Sacrifice Holiday

  • Published
  • By Tanju Varlikli
  • 425th Air Base Squadron

Rooted in the story of Abraham, who nearly sacrificed his son Isaac, the Sacrifice Holiday is one of Islam’s biggest observances. According to Muslim belief, God halted Abraham’s hand and told him to sacrifice a ram as a substitute. Muslims practice this observance from Aug. 11 to Aug. 14. This is the second of two major Muslim holidays celebrated at this time of the year. The first, the “Sugar Holiday” or the “Feast of Sugar,” follows the month of Ramazan and lasts three days.

Every Muslim who is not in debt and can afford to buy a sheep must sacrifice one. If he or she chooses not to perform the sacrifice, the Muslim must practice alms giving instead. The sheep is bought a few days earlier and fed properly. In the past, early in the morning of the Sacrifice Holiday after the father returned home from the mosque, the family would get together in the yard of the house. If there was no butcher around, the oldest male member of the family, who was capable of performing the sacrifice properly, started the ceremony.

People today may buy their sheep from road side stands and sacrifice them at designated areas announced by municipalities. Individuals will see a lot of people selling sheep and cattle at the stands prior to and through the sacrifice holiday – especially on the day of ‘Arife’ and the first day of the Sacrifice Holiday. Signs will advertise “Kuzu Var, Koç Var” (We have sheep, we have ram) on the sides of the roads.

Sheep vendors will take people to the designated areas where sheep are sold and sacrificed. Butchers will be there to complete the sacrifice if desired.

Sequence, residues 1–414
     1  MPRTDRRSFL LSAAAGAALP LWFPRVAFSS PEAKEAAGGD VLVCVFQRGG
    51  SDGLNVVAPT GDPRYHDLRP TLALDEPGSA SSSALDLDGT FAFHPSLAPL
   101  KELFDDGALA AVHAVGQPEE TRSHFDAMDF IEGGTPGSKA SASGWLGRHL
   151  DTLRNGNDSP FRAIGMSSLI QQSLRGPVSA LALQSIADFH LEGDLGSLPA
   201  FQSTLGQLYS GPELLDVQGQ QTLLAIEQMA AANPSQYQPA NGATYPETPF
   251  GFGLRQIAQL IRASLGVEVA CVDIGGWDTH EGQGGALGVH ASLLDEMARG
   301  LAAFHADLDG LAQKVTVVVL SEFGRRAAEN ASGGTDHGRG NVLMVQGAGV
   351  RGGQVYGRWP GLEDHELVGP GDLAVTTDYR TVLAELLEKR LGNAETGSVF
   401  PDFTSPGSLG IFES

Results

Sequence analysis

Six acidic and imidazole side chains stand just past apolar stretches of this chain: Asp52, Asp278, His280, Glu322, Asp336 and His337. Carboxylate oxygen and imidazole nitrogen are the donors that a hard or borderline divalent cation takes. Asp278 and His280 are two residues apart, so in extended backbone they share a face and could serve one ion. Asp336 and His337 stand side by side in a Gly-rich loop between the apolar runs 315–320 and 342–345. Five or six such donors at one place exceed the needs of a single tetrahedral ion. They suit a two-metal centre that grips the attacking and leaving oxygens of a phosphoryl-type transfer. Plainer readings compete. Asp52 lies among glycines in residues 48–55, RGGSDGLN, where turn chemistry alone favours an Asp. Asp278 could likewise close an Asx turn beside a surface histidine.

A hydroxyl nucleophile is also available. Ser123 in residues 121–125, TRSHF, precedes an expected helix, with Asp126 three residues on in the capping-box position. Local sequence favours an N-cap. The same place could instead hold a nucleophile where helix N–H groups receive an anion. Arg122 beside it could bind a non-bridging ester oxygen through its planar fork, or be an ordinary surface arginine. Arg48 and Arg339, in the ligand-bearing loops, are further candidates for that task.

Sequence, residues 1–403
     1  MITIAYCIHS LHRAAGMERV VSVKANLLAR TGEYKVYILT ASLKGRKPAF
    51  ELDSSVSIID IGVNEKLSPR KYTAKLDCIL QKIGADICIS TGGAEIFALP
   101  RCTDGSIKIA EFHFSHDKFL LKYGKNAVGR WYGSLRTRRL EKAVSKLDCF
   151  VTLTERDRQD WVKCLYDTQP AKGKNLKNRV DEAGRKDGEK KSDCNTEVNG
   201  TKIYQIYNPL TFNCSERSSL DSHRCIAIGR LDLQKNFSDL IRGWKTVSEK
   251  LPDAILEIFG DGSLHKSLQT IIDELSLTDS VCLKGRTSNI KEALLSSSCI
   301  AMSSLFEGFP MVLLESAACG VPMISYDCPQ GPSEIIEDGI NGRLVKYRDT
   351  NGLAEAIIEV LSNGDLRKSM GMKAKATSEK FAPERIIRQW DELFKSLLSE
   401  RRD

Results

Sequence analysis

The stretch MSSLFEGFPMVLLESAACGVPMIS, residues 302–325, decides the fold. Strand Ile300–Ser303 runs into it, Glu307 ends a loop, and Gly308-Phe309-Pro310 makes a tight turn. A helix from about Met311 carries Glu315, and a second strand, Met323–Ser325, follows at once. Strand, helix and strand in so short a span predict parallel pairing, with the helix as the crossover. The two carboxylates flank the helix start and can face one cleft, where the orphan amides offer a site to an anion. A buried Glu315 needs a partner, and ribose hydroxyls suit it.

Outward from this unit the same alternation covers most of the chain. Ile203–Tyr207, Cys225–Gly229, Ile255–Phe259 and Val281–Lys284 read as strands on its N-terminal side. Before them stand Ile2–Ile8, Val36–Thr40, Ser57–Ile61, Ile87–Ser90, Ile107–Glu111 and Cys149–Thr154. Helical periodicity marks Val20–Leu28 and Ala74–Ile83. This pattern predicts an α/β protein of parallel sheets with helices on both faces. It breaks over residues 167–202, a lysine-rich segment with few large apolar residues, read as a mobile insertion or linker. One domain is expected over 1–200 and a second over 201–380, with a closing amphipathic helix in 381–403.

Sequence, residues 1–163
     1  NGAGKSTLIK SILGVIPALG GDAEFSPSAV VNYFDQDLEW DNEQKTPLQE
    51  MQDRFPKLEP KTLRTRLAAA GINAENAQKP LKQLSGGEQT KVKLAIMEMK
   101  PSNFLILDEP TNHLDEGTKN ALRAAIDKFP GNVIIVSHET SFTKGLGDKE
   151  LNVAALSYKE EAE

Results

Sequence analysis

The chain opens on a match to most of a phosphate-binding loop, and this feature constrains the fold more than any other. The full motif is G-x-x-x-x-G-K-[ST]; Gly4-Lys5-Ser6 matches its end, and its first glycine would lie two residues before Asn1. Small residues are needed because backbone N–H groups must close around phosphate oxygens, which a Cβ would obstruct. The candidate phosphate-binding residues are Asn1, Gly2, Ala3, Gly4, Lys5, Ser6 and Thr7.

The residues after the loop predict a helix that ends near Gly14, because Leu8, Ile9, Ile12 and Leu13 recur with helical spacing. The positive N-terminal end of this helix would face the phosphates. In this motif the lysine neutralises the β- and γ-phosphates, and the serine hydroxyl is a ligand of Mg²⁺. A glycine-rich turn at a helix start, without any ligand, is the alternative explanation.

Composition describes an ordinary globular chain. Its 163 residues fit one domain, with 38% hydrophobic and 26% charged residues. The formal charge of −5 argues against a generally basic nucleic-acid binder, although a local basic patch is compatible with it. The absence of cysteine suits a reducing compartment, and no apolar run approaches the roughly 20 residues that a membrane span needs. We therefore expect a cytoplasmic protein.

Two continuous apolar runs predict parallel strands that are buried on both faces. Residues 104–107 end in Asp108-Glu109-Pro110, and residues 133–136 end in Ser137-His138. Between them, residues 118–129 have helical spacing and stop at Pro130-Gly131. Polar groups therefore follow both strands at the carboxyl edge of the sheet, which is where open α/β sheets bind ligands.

The first day of the upcoming holiday is spent sacrificing sheep, distributing the pieces to the poor and friends, as well as cooking the evening meal.

Social customs are much the same as the Sugar Holiday. During the four-day religious holiday, banks and offices are closed. For the children, the best part is the candies and cookies that are so much part of the Sacrifice Holiday as observed in Sugar Holiday. Everybody wakes up early, about an hour before the morning prayer. The father dresses up and goes to the mosque for a special prayer session attended only by men. When the call of müezzin is heard from the mosque’s minaret, the faithful spread prayer mats and pray wherever the individuals may be.

In the meantime, the mother and children all get prepared and wait for the father’s return. This is when everyone congratulates each other and they exchange gifts. The children kiss the hands of the parents and the parents kiss the children on both cheeks, and they all unwrap their gifts and eat breakfast.

Most families visit close friends or relatives who are buried in the cemetery, usually a day before the holiday begins, which is Aug. 10 this year. This day is called “Arife” (Ah-ree-feih). If cemeteries are visited on  the first day of the Sacrifice Holiday instead of Arife, then a visit to family elders is in order to wish them a happy Bayram and say “İyi Bayramlar” (E-yee Bai-rahm-lahr).

Close relatives or friends are invited either for lunch or dinner. These exchange visits happen throughout the four days; however, these visits are short, about half an hour or less.

Maids, street cleaners and doormen (kapıcı) are traditionally given small gifts such as a box of candy with some money. Small children who come to visit are given money.

It is customary for Americans to visit Turkish friends and take a box of candy, chocolate, baklava or something else depending on the relationship.